Sunday, November 29, 2009

The journey is the destination

This is written across the front of one of my cross country ski shirts, and is meant to convey a message about that sport, but I feel it is a good slogan for parenting, or just life in general. I took up cross country skiing when I met Geekydaddy. The first winter that we were dating he paid my share of a ski lease cabin, something he and his friends did every year. He's always been a generous guy. At the time I was a post doctoral fellow with very little disposable income, and he figured if he wanted to see me at all I needed to come up to the cabin. I now know that he was very much hoping I would love the mountains and their associated sports as much as he did. It was a wise move on his part, this was the beginning of a long love affair, with the mountains and with each other.

Geekdaddy is an avid winter sportsman, he skis and snowboards like a pro, having spent most of his youth in Switzerland. We have a fantastic picture of him on the cabin wall,  taken when he was in his late teens, performing a jump from a peak in Verbiere on one of the very first snowboards. I love to downhill ski too,  though I am far less skilled, but I had never tried the cross country "nordic" type of skiing. I don't know many Brits who do. You may have seen it on the winter olympics, men and women in vivid lycra outfits flying along groomed trails with an arm and leg action just like those NordicTrak gym machines. By the end of that first winter I was hooked. The trails, winding peacefully between snow coated pines, reminded me of how I pictured Narnia, when Lucy first walks through the wardrobe into the land where it was 'always winter but never Christmas'. I loved the rhythm of the push and pole movement and the pounding of my heart in the cold air, the struggle to climb the peaks on the flimsy toothpick skis, and the thrill of careening down the hills, barely in control. That first winter I bought a second hand set of skis, boots and poles. Geekydaddy was a little concerned about this level of commitment, though I assured him it was to the sport, not necessarily to him!

Yesterday we got Geekygirl up on cross country skis for the first time. She has experienced the sport before, being towed in a pulk (rather like the sleds used by arctic explorers to pull their supplies across the tundra), but this year we felt she was ready to try under her own steam. The expedition started badly. Though bright, it was a cold day and occasional gusts of wind would whip ice crystals against our faces. The sensation was too much for Geekygirl, and she started to howl. This set her brother off, so I stood at the entrance to the trails holding two wailing children, my supply of tissues decimated after the first five minutes.

My holiday reading of "Raising Your Spirited Child" - a great book if you have such a creature in your life, reminded me that she likely was genuinely overwhelmed by the situation, so I kept my cool, empathized with her, and talked about the plans for the rest of the day while we waited for Geekydaddy to assemble the pulks. We bundled them in, still hysterical, watched by concerned fellow skiers, mainly young couples who were probably silently thinking "God, I'll never have kids". With a supply of blankets, tissues and stuffed animals cocooned into their pods, set off, hoping the motion and the scenery would soothe them (and us!).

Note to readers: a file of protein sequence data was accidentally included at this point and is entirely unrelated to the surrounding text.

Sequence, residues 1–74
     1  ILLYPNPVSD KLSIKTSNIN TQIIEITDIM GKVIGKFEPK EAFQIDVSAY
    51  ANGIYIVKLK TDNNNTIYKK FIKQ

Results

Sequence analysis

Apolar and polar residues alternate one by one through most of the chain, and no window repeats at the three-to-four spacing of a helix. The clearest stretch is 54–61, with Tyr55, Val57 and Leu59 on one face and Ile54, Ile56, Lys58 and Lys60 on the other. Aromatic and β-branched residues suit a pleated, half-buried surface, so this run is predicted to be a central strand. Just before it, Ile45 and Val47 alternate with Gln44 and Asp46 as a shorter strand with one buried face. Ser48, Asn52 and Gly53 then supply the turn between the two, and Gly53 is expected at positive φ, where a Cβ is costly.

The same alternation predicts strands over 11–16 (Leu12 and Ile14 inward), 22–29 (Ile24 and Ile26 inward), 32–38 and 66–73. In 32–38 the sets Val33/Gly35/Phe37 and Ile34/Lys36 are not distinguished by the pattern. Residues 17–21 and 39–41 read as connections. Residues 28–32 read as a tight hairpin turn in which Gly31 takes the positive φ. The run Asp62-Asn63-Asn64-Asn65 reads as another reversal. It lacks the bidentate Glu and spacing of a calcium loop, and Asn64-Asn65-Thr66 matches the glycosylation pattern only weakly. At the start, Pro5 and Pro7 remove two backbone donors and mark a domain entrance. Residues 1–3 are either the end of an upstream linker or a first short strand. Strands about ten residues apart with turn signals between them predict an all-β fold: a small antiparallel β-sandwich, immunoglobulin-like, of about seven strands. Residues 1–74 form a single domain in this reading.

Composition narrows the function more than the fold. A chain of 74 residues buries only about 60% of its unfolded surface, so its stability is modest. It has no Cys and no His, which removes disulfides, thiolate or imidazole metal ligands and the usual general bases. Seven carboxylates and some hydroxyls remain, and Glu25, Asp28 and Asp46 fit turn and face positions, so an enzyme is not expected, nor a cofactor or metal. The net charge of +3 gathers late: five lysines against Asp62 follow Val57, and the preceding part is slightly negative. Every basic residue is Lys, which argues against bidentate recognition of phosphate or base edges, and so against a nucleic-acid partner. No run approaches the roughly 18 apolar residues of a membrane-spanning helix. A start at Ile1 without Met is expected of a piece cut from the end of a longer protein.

It worked. I had forgotten how much I loved the sport, as I felt long unsused muscules stretch and strive, felt my lungs open deeply to capture oxygen in the refined mountain air. The snow was powdery and the pulks glided almost effortlessly, as we pulled our entranced passengers though the forest. They dozed, and we strode on. Before returning to the lodge to eat, we even got Geekygirl up on the little skis we had rented for her. Geekydaddy learned to ski at four, and from the day she was born he has looked forward to teaching his daughter. Things sometimes don't go well between Geekdaddy and his daughter. They frustrate each other, (they are too similar!), he finds her very hard to parent (which she can be), and I was crossing my fingers that this oh so important Father Daughter moment would go well. I left well alone and let him do it his way.

And she loved it. She let him support her, she listened to him, he was encouraging and patient and funny and she got the hang of it. Best of all, after lunch when we asked her if she wanted to ride or ski she said "I want to put my skis on again" and had another try. I noticed her lovely, inward smile of pride at her achievement. Then she was done,  she discarded the skis, and hopped back in the pulk. We did another few laps of the trails, side by side, towing a child each. I looked down at my trusty skis, remembering that first season and casting my mind back over the intervening years. I spoke my thoughts out loud to Geekydaddy.

"Remember when I bought these skis, and you thought I might be making too much of a commitment to you?!"

The journey is the destination.


followthatdog said...

So sweet. I'm very proud of your big girl! (And I have that same book. Bought it when Ansel was going through some especially challenging phase or other, but never got around to reading it.)

A Modern Mother said...

I love that slogan -- makes you slow down and appreciate what you have now.

I have only cross country skied a few times -- but have been downhill skiing since I was 5. We took our three to Tahoe (!) last year and the two older ones loved it -- the 4-year-old didn't like it. I was so sad because I wanted her to have a good time.

Keep putting up yout Tahoe pics -- love to see them.

geekymummy said...

I know, I really want our kids to love skiing, but we can't force them! My dad wanted my brother to love planes, but he is a soccer guy. It worked out OK!

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